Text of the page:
Promoting Vaccination in India through Videos: The Role of Humor, Collectivistic Appeal and Gender

Vaccination hesitancy is a barrier to India’s efforts to control the COVID-19 pandemic. Considerable resources have been spent to promote COVID-19 vaccination, but evaluations of such efforts are sparse. Our objective was to determine how vaccine videos that manipulate message appeal (collectivistic versus individualistic), tone (humorous versus serious), and source (male versus female protagonist) toward vaccines and vaccination. We developed eight videos that manipulated the type of appeal (collectivistic or individualistic), tone of the message (humor or serious), and gender of the vaccine promoter (male or female) in a 2 x 2 x 2 between-subjects experiment. Participants (N = 2349) were randomly assigned to watch one of eight videos in an online experiment. Beliefs about vaccines and those about vaccination were obtained before and after viewing the video. Manipulation checks demonstrated that each of the three independent variables was manipulated successfully. After exposure to the video, beliefs about vaccines became more negative, while beliefs about vaccination became more positive. Humor reduced negative beliefs about vaccines. Collectivism and protagonist gender did not affect beliefs about vaccines or vaccination. Those able to remember the protagonist’s gender (a measure of attention) were likely to develop favorable beliefs if they had also seen the humorous videos. These findings suggest that people distinguish beliefs about vaccines, which deteriorated after exposure to the videos, from beliefs about vaccination, which improved. We recommend using humor when appropriate and focusing on the outcomes of vaccination, rather than on the vaccines themselves.

Source: Promoting Vaccination in India through Videos: The Role of Humor, Collectivistic Appeal and Gender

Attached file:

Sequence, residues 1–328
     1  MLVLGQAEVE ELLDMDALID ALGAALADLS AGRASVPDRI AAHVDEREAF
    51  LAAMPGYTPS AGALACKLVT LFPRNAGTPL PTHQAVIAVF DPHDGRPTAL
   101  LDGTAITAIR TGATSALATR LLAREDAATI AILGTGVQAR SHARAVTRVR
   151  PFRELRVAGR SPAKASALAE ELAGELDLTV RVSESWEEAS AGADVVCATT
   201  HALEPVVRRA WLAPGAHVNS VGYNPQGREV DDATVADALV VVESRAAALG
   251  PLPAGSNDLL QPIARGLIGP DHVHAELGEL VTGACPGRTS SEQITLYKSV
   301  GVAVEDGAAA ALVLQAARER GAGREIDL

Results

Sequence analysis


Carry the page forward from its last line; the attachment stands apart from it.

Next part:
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High Rates of COVID-19 Vaccine Hesitancy and Its Association with Conspiracy Beliefs: A Study in Jordan and Kuwait among Other Arab Countries

The aim of this study was to assess the attitudes towards the prospective COVID-19 vaccines among the general public in Jordan, Kuwait and other Arab countries. We also aimed to assess the association between COVID-19 vaccine acceptance and conspiracy beliefs.

Source: High Rates of COVID-19 Vaccine Hesitancy and Its Association with Conspiracy Beliefs: A Study in Jordan and Kuwait among Other Arab Countries

    Views 1127

    The Role of Attitudes, Norms, and Efficacy on Shifting COVID-19 Vaccine Intentions: A Longitudinal Study of COVID-19 Vaccination Intentions in New Zealand

    This study focuses on identifying changing public intentions to get a COVID-19 vaccine in New Zealand, a country that has been largely successful in containing the pandemic but risks new outbreaks as less than 20% of the population is fully vaccinated by August 2021.

    Source: The Role of Attitudes, Norms, and Efficacy on Shifting COVID-19 Vaccine Intentions: A Longitudinal Study of COVID-19 Vaccination Intentions in New Zealand

      Views 610

      Effect of Information about COVID-19 Vaccine Effectiveness and Side Effects on Behavioural Intentions: Two Online Experiments

      In two large pre-registered experimental studies on quota-sampled UK public participants we investigate the effects of providing transparent communication—including uncertainty—about COVID-19 vaccination effectiveness on decision-making.

      Source: Effect of Information about COVID-19 Vaccine Effectiveness and Side Effects on Behavioural Intentions: Two Online Experiments

        Views 593

        Demand Creation for COVID-19 Vaccination

        There is an urgent need to create demand in groups that are either uninformed, vaccine hesitant, or actively resistant to COVID-19 vaccination. This study reviews theory, evidence, and practice recommendations to develop a vaccine demand creation strategy that has wide applicability. Specifically, we focus on key elements including supply side confidence, vaccine brand promotion strategy, service marketing as it relates to vaccine distribution, and competition strategy.

        Source: Demand Creation for COVID-19 Vaccination

          Views 497